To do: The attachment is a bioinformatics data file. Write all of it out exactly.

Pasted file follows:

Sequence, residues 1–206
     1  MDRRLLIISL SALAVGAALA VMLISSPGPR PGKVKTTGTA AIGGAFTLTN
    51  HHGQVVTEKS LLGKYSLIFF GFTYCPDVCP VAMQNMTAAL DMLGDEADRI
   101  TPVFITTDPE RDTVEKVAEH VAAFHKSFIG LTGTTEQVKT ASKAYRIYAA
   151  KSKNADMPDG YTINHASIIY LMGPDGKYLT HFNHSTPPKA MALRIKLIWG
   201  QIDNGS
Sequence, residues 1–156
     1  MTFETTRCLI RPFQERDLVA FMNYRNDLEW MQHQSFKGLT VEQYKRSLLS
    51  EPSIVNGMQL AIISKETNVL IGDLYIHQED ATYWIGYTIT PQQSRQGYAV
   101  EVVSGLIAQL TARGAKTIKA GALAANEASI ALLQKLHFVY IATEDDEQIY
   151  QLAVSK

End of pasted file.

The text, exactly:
Sequence, residues 1–206
     1  MDRRLLIISL SALAVGAALA VMLISSPGPR PGKVKTTGTA AIGGAFTLTN
    51  HHGQVVTEKS LLGKYSLIFF GFTYCPDVCP VAMQNMTAAL DMLGDEADRI
   101  TPVFITTDPE RDTVEKVAEH VAAFHKSFIG LTGTTEQVKT ASKAYRIYAA
   151  KSKNADMPDG YTINHASIIY LMGPDGKYLT HFNHSTPPKA MALRIKLIWG
   201  QIDNGS
Sequence, residues 1–156
     1  MTFETTRCLI RPFQERDLVA FMNYRNDLEW MQHQSFKGLT VEQYKRSLLS
    51  EPSIVNGMQL AIISKETNVL IGDLYIHQED ATYWIGYTIT PQQSRQGYAV
   101  EVVSGLIAQL TARGAKTIKA GALAANEASI ALLQKLHFVY IATEDDEQIY
   151  QLAVSK